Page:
Goatview Farm - The Saint Report www.goatview.com

March 23
Near Miss Day

On this day in 1989, an asteroid that could have left a crater the size of Washington, D.C., harmlessly passed by the earth at a distance of 500,000 miles. Whew.

We haven't always been that lucky and the smart money is on our getting unlucky again one of these days. After all (and this amazes me), if the earth didn't have soil, water, and vegetation, it would look very much like the moon, pock-marked by collisions over millions of years. The difference is that the earth has make-up, not that the moon is running interference for us.

It is theorized that every major extinction in Earth's history coincided with an asteroid collision that dramatically altered the existing weather patterns. The threat of a major collision is real to the point of being inevitable.

But don't you fret. Spain (along with Austria, Belgium, Denmark, Finland, France, Germany, Ireland, Italy, the Netherlands, Norway, Portugal, Sweden, Switzerland and the United Kingdom) is on top of this. Those countries make up the European Space Agency (ESA) whose goal is drawing up and executing the European space program. And one aspect of the European space program is figuring out how to deflect an asteroid.

With style, wit, and humility, the Europeans have named this mission "Don Quijote." If the USA were working on it, we would probably have called it "Terminator," a "literary" allusion more likely to be understood by us.

This is from the July 13, 2004, CNN story:

The mission would involve two spacecraft -- Sancho and Hidalgo -- launched on different trajectories toward one asteroid about 550 yards (500 meters) in diameter. A rock that size would cause serious damage across a widespread area and absolute destruction at the local level.

Sancho would arrive first and orbit the asteroid for several months. It would deploy some penetrating probes to form a seismic network on the asteroid to examine its structure before and after its sister craft's smashing arrival.

Hidalgo would crash into the asteroid at about 22,370 mph (10 kilometers per second).

Sancho would observe from a safe distance, then move in for a closer look. It would study changes in the asteroid's orbit, rotation and structure caused by the impact, said Willy Benz, a member of the mission's study team from the University of Bern in Switzerland.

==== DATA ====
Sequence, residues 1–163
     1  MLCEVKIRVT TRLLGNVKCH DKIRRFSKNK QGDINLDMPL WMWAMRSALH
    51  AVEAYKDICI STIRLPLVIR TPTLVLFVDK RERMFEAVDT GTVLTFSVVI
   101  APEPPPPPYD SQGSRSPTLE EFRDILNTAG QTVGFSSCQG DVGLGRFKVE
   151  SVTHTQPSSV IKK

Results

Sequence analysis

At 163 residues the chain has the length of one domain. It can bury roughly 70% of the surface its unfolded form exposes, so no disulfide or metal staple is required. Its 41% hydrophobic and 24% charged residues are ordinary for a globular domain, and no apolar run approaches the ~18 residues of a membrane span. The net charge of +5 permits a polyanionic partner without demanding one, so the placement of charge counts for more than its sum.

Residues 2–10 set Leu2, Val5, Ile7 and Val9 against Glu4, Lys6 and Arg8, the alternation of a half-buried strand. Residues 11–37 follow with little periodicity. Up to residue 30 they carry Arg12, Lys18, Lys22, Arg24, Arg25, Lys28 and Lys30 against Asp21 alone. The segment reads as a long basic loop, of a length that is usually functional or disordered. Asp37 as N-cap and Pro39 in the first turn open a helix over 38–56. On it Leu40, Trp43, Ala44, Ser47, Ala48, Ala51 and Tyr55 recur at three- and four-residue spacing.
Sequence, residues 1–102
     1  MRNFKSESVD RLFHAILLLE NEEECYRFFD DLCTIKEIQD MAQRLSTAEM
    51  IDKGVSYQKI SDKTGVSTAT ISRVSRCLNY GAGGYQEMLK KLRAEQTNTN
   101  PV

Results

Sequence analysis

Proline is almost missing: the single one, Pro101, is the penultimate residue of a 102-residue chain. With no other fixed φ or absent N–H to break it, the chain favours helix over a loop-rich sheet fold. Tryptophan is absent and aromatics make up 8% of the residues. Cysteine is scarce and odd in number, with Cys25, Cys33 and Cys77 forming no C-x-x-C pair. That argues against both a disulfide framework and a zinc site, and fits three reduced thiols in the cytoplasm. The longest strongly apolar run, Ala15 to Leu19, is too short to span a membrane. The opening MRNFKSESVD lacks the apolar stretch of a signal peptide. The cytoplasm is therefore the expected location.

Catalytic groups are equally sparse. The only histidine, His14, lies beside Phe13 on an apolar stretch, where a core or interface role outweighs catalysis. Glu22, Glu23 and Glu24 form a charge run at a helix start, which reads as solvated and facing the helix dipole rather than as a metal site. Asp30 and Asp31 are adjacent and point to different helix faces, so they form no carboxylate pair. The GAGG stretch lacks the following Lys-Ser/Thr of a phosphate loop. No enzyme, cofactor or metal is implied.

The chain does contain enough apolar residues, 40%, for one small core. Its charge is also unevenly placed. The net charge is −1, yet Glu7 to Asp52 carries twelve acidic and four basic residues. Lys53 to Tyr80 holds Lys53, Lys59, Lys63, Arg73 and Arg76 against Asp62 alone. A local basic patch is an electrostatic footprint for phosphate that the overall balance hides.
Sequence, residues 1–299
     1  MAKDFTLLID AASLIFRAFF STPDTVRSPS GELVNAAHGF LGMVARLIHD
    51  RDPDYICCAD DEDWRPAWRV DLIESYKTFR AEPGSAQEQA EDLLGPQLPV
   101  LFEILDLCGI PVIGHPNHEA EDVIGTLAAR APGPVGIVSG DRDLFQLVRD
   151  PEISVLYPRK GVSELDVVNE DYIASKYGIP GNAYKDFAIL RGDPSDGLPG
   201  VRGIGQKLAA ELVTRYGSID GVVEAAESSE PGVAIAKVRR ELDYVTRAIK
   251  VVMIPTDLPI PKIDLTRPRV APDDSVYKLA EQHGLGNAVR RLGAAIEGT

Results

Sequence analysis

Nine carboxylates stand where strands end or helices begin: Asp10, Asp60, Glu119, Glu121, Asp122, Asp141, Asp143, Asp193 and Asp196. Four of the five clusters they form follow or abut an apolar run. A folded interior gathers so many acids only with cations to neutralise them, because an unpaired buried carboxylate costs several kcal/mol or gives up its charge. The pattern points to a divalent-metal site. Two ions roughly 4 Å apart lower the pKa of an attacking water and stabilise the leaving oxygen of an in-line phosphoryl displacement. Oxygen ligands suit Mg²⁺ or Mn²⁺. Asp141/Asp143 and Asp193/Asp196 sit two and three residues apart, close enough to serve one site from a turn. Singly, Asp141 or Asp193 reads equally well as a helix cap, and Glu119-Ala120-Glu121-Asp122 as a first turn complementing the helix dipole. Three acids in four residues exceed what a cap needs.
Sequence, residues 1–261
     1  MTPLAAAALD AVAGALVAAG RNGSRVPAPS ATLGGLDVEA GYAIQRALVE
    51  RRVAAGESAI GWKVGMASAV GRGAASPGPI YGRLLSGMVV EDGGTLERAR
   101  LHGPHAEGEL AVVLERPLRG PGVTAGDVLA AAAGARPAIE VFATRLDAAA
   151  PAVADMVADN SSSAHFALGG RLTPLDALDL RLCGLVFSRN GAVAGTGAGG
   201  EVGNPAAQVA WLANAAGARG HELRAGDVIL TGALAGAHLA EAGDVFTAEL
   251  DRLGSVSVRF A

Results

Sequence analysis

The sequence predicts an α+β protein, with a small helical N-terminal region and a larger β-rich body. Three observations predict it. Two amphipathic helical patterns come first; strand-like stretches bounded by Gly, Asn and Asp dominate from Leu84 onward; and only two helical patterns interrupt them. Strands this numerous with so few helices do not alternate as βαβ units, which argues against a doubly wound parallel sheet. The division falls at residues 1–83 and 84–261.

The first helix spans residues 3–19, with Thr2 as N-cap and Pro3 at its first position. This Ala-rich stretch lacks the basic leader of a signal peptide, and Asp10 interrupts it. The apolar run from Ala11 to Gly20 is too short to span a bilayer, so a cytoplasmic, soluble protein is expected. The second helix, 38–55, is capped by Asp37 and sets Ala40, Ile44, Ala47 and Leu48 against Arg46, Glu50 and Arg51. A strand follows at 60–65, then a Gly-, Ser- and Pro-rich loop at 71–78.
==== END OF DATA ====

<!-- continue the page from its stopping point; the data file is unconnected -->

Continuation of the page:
The mission would 'provide information about how an asteroid reacts to such stresses, which is an important step in the whole impact hazard reduction business,' Benz said."

Just in case you need your memories refreshed (and that's all it would be--a refreshing--since Saint Report readers have grounding in the classics), Don Quijote (the Spanish spelling of Quixote) was Spanish author Cervantes' crazy nobleman who jousted with windmills thinking they were enemies. The windmills won. Sancho Panza was his squire and Hidalgo was his rank.

As earthquakes have the Richter and Mercali Scales, hurricanes have the Saffir Simpson Scale, and tornadoes have the Fujita Scale, asteroids have the Torino Scale.

Back to humility and the classics, maybe by avoiding the tragic flaw of hubris, the ESA is going to enjoy more good fortune and acquire more international respect with Mission Don Quijote than we had with "Shock and Awe."


Barney Clark Death Anniversary
March 23, 1983

Barney Clark, Seattle dentist, was the first recipient of an artificial heart. The device extended his natural life by 112 days.

While he was having the operation, burglars broke into his house and stole everything they could hock.

Moral: I don't have a clue. It just seemed like the kind of story that ought to have one.

Saints celebrating feast days today include Saint Turibius de Mongrovejo, Saint Victorian and Companions, Saint Benedict the Hermit, Saint Ethelwald or Oidiwald the Hermit, and Saint Joseph Oriol.

Not Celebrating: Joan "No More Wire Hangers" Crawford (1904-1977), Wernher von Braun (1912-1977)

Still Celebrating: The only name I recognized was Amanda Plummer's (1957, NYC)...a boring day for birthdays.

And, from IMDB...the complete list of celebrating stars.

Onward to March 24
Back to March 22
Back to the Farm

Marilyn Jones 2002-2008